The main cause of myasthenia gravis is the immune system’s production of self-reactive antibodies that target acetylcholine receptors — proteins that are important for nerve-muscle communication. While the exact origin of these antibodies is not well established, it is thought that abnormalities in the thymus gland may be involved in their appearance.
In most cases, myasthenia gravis is caused by the immune system’s production of self-reactive antibodies that disrupt nerve-muscle communication, and thus it is considered an autoimmune disease. In rare cases, individuals may have genetic mutations that affect nerve-muscle communication, which is sometimes considered a heritable form of myasthenia gravis that is not autoimmune in nature.
Although the disease mechanisms of myasthenia gravis are not expected to cause pain, many patients report experiencing this symptom somewhat regularly. It is possible that pain arises secondarily to generalized muscle weakness, which can lead to changes in posture that cause non-specific muscle or joint aches.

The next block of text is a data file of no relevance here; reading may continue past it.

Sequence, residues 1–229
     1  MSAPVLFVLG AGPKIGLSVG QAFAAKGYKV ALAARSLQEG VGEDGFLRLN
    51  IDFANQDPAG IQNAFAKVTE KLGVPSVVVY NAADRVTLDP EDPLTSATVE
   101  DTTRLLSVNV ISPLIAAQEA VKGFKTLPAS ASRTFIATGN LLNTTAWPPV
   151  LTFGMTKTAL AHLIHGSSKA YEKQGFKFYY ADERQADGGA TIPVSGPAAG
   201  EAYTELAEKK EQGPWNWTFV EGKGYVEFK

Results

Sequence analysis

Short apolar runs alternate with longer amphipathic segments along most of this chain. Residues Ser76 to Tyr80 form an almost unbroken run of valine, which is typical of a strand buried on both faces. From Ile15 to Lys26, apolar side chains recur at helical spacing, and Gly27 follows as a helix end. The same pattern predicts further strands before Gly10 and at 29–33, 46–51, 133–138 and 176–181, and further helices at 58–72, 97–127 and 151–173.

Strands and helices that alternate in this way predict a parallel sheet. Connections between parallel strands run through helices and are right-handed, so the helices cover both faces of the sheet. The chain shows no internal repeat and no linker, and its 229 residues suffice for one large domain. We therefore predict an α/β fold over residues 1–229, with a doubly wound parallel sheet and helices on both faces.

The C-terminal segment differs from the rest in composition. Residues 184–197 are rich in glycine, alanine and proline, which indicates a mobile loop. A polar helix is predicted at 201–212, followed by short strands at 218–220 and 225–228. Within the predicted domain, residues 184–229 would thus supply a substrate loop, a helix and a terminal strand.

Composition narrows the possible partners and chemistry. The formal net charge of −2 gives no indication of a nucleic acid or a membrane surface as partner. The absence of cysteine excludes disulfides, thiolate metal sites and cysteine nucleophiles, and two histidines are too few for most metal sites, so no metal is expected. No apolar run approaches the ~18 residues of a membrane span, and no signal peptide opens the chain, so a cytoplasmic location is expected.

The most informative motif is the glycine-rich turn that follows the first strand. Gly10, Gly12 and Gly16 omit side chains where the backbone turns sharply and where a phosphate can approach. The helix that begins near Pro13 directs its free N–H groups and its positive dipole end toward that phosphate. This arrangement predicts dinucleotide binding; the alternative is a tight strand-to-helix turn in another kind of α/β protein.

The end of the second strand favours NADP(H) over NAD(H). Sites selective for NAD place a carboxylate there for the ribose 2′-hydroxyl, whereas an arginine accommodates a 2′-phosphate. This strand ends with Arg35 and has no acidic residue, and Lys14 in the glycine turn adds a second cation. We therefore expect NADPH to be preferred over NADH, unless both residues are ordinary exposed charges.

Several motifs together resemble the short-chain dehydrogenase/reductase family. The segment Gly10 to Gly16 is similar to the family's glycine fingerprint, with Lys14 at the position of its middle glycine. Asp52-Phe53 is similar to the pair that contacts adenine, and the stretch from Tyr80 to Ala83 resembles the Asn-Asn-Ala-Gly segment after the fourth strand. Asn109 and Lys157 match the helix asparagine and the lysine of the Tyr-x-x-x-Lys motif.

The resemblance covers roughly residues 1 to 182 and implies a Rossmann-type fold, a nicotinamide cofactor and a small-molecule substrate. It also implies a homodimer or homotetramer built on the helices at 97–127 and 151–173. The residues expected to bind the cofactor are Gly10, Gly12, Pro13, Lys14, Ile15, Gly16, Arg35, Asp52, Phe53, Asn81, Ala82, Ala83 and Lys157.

Myasthenia gravis is generally not caused by genetic factors, and its symptoms more commonly emerge in adulthood. In rare cases, babies born to mothers with myasthenia gravis also may have the condition, but it is usually temporary and goes away in the first months of life. Individuals with congenital myasthenia gravis are born with mutations that affect nerve-muscle communication, but symptoms may not emerge until later in life.